A white man bargained
with an Indian

to give the latter a horse
for a squaw.

The Indian,
not being able to suit

him from the stock of squaws
under his control,

went over and stole
a squaw from the Applegate Tribe.

Big Tom,
the white man,

was so well pleased
with the stolen squaw

that he would not give her up
to her people

when required, notwithstanding
he was urged thereto

by his partner
and the other whites.

The consequence was
the massacre of all the whites

by the Indians
and to mark

their particular animosity
against Big Tom

they cut him up
into a thousand pieces

at the same time

from mutilating
the others.

San Francisco Bulletin, January 7, 1858

Our readers will remember an advertisement
that appeared in our paper last spring,
stating that Bill Farr would fight a grizzly
bear, single-handed, on the 4th of July

at Tehama. His life seemed to be of no
consequence to him. We have frequently
heard him remark that he would as soon
be killed as not, and upon one occasion

we actually knew of his standing up
very coolly with a person as reckless
as himself, each taking a shot at the other’s
hat, a distance of fifty steps, as it remained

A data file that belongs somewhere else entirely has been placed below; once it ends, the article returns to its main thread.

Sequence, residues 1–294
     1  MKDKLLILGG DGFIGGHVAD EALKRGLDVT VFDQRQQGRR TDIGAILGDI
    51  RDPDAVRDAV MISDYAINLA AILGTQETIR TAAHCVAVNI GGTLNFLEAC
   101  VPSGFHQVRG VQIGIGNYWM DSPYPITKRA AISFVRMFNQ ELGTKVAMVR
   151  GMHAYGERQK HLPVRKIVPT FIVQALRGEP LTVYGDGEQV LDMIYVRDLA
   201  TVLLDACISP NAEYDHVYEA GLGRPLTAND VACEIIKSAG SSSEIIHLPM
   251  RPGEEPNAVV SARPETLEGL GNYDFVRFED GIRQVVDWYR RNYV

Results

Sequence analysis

on his head. The result was that Bill’s
hat was shot through, and a small bunch
of hair cut away, while the skin on the other
man’s cranium was laid bare for three

or four inches by Bill’s half-ounce ball.
Bill was a terror to the Indians, having killed
a great many in his time; some of whom,
as he said himself, he shot to see them


San Francisco Bulletin, January 6, 1859

On Thursday or Friday last
two volunteers, Messrs. Hyslop and Olvany,
were looking for horses
about four miles from the camp
near Mad river
when they saw six Indians
and about the same number of squaws.
As they were without rifles
and mounted
they adopted Light Dragoon tactics
and charged upon the Indians
wounding some –
one mortally –
and took the squaws

The same day,
three men from the camp at Angel’s
came upon a party
of ten Indians
and had a bout with them –
killed one Indian,
wounded several –
two so badly
that they may almost be called
“good Indians.”

San Francisco Bulletin, May 12, 1859

An old Indian and his squaw
were engaged in the harmless occupation
of gathering clover

on the land of a Mr. Grigsby
when a man
named Frank Harrington

set Grigsby’s dogs upon them
(which, by the way, are three
very ferocious ones,)

and before the dogs were taken off
of the Indians, they tore
and mangled the body

of the squaw
in such a manner that she died
shortly after. It is said

the dogs
tore her breasts off her.
The Digger man

escaped without any serious
injury, although bitten
severely. Of course

it was the dogs’ fault
although Harrington had lived with Grigsby
over a year and knew full well

the character of the dogs
for this is not the first
instance of their biting persons.

But he only set them on
for fun
and they were

only Diggers.
There is talk of having Harrington
arrested but no doubt

it is all talk.